Last updated on May 11th, 2021 at 01:20 pm
Making a prioritized Christmas list is probably going to be the hardest thing I am going to ask you to do in order to create a Christmas to remember on a super tight budget.
Most of us–myself included–have a tendency to want to give everyone in our lives a Christmas gift. From our kids to our spouse to our siblings to the in-laws to those that teach our kids to our closest friends to our work mates and on and on the list goes.
However, most of us simply cannot give gifts to all these people and do all these events and come out of the Christmas season without debt added to our credit cards.
Christmas was never meant to be a season of financial stress. It is supposed to be a season of reflection. A time to remember the amazing gift God gave to us over 2000 years ago. A time to treasure our family as Christ treasures us.
Even if you are not a believer in Christ , I think you would agree that the root of Christmas is centered in family and togetherness. In simple memories made as we gather together with those we love.
None of these things require us to spend a single penny to create. Put the credit card away. It is time for us to get serious about what we can truly afford and just how far we can make that stretch. Hopefully with the help of this series it is going to stretch a whole lot further than you think.
How To Make A Prioritized Christmas List So You Don’t Spend Beyond Your Means
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By the time you finish reading this series (psst–if you can’t wait for it to finish, grab the free eBook it is based on) you will have a better idea of just how much money you have to work with. Today I want you to concentrate on priority list of how you want to spend it.
Don’t put a dollar figure by anyone’s name or by the events. Simply list them by order of what matters most to what certainly does not matter least, but would be okay if cut. (I will talk more on how to do this in just a second)
For instance, the Christmas my husband and I were under financial strain we decided the kids came first on our prioritized Christmas list. They came before a big Christmas tree, before a turkey dinner with all the trimmings, before gifts for each other and before gifts for anyone else.
We prioritized even further than that though. We decided the main gift from us was most important, then their stockings, then their Santa gift. As we found money using the steps I have been describing in this series we worked our way down the list, agreeing if we didn’t make it past the gifts from us we would be okay.
Trust me, I know how hard it is to list people in order of gift priority. It isn’t right. Everyone is just as important as the next person. However, I don’t believe that our loved ones value getting a gift from us more than they value our financial well being.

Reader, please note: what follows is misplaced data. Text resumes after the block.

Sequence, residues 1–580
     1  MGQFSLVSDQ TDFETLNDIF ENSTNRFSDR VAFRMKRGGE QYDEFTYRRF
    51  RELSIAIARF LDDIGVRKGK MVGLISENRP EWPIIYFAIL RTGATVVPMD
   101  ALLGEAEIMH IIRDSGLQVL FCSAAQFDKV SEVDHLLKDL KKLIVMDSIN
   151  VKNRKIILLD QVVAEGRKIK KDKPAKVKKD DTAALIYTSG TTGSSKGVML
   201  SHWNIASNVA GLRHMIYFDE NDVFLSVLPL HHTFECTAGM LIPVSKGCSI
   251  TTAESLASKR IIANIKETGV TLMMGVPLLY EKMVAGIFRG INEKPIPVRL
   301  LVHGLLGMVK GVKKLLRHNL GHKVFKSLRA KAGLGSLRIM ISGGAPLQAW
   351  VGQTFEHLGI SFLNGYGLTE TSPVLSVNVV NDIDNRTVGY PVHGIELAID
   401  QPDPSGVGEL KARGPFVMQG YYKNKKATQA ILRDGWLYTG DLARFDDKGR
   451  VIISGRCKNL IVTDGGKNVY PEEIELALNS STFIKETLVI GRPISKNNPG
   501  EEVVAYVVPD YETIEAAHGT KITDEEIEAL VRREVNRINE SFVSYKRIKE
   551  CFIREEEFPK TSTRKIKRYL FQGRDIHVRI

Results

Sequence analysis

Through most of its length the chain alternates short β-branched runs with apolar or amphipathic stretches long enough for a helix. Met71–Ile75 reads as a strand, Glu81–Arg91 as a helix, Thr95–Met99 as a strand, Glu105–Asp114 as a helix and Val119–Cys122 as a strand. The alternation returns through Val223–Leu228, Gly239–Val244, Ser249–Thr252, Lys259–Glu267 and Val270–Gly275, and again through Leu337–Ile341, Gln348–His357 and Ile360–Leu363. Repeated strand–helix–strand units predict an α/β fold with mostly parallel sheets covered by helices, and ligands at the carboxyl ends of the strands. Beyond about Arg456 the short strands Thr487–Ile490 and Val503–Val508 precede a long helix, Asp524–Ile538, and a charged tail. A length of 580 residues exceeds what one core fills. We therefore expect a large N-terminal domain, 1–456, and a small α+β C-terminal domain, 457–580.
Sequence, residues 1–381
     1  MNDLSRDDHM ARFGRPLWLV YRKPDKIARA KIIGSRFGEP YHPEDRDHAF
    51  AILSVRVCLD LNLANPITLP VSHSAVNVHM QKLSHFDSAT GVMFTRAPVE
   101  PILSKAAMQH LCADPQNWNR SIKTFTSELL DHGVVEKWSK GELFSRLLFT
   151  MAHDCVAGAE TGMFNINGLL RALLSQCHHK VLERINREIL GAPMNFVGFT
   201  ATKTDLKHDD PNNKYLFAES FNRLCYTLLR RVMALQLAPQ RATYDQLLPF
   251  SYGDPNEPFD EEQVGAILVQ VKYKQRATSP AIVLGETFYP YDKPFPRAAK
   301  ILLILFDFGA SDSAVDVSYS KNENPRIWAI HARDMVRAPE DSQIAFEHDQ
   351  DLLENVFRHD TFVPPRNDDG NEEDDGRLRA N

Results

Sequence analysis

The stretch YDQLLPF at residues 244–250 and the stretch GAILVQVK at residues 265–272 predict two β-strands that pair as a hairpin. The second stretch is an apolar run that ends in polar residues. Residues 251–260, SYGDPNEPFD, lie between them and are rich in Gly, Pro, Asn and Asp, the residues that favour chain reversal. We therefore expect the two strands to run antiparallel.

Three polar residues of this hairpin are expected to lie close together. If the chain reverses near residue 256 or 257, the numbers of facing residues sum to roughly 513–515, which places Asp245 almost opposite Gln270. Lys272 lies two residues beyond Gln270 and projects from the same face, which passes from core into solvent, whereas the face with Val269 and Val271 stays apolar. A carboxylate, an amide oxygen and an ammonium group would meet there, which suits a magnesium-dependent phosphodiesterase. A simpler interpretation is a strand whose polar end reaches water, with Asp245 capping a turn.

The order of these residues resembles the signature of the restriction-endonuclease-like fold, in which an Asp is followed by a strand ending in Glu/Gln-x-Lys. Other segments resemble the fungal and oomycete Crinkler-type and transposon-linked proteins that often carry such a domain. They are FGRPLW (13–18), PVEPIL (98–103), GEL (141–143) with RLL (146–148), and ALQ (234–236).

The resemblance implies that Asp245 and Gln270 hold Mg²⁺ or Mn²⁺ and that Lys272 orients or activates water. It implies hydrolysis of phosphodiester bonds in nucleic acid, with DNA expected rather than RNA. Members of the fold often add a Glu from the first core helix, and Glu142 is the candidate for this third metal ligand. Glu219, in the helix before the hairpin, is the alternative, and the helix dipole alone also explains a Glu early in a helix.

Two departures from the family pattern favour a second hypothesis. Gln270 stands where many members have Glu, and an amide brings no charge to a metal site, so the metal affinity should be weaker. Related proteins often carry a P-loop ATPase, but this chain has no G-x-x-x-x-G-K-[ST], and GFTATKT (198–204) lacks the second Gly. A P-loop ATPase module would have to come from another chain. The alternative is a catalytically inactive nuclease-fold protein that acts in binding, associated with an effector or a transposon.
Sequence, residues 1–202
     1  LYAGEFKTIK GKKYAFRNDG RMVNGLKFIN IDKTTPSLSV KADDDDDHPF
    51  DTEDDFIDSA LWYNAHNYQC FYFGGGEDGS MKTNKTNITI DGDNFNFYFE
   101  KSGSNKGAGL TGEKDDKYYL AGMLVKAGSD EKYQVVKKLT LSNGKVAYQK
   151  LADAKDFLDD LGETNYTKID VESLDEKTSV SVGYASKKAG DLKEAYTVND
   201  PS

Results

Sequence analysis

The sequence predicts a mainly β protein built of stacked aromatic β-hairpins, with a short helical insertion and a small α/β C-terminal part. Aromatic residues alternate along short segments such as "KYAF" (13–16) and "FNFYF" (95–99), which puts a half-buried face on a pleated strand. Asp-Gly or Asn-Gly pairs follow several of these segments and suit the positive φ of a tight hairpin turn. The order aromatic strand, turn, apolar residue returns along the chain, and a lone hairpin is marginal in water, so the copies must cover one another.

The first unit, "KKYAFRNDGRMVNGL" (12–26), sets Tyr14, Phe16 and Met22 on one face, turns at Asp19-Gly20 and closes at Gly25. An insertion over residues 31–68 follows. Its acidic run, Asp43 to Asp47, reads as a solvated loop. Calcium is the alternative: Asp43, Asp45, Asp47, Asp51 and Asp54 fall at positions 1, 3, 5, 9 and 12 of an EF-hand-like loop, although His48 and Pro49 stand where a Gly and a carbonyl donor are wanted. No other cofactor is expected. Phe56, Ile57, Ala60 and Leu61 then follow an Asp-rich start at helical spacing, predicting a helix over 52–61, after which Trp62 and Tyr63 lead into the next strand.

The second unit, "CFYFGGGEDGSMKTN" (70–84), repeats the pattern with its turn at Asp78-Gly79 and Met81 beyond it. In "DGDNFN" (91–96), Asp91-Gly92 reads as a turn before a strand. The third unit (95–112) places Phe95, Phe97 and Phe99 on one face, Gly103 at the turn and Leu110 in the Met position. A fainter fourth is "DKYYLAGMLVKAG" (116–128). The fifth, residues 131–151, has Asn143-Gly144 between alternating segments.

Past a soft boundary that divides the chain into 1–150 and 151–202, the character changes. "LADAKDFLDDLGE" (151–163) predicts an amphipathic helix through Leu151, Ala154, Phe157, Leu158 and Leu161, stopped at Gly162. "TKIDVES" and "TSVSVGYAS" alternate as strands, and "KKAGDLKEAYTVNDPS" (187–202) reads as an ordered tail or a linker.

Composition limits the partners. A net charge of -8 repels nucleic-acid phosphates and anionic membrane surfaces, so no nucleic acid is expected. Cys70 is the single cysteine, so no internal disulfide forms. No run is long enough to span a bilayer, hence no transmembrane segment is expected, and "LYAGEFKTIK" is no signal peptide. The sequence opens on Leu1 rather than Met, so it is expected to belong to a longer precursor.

I don’t know about you, but I know that if I found out that a loved one of mine went into debt to give me a gift and are now struggling to make those payments, I would feel physically ill and emotionally troubled. That is not how a receiver of a gift should feel at all.
How To Create A Prioritized Gift List
Sit down either by yourself or with your spouse if you have one and start listing all the people and things you normally spend money on each Christmas.
Make your first list a simple “list it all as you think of it list” then create your prioritized list. In other words list absolutely everyone you would give a gift to if you could afford it and every other Christmas expense imaginable in no other order than the order they pop into your head.
Then grab another piece of paper and start making your prioritized Christmas gift list.
Ask yourselves hard questions during this process. What do we really need to make Christmas feel like Christmas? What are we currently doing during the Christmas season that isn’t bringing us true joy and therefore could be cut? Do we really need to give gifts to our parents? How will we bring it up to extended family that we simply cannot financially take part in gift giving this year? Could people on our lists be just as happy with acts of service instead of physical gifts? Could we cut a few side dishes and desserts out of our Christmas dinner and still have it feel special?
Do not assign strict dollar figures to your list except perhaps for Christmas events that you want to attend that come with a set ticket cost you cannot change, for everything else simply put down the name or event only and a retail figure.
Concentrating on “retail prices” instead of a dollar figure is where the creativity of creating a Christmas to remember on a super tight budget comes in. Here is an example: let’s say you assigned $50 retail to your child’s main Christmas gift from you. Using the tips you are learning from this series you manage to get your child a gift worth $50 retail for just $20. Instead of going out and spending $30 more you take what you saved and move down you prioritized Christmas gift to the next thing or person on your list.
This will create a Christmas budget snowball effect and allow you to give to as many people as possible without getting you into debt. Chances are too that the recipients of your gifts are not even going to notice that you spent less on their Christmas gift this year as you will learn to give smarter (less cost) and give deeper (more heartfelt) Christmas gifts.
Follow the How To Plan A Christmas To Remember On A Super Tight Budget Series and learn how to keep the cost of Christmas low without affecting the magical memories of the Christmas season.
How To Plan A Christmas To Remember On A Super Tight Budget: The Series
Week Four: How To Make A Prioritized Christmas List–An Essential Item For Keeping Christmas Affordable (you are here)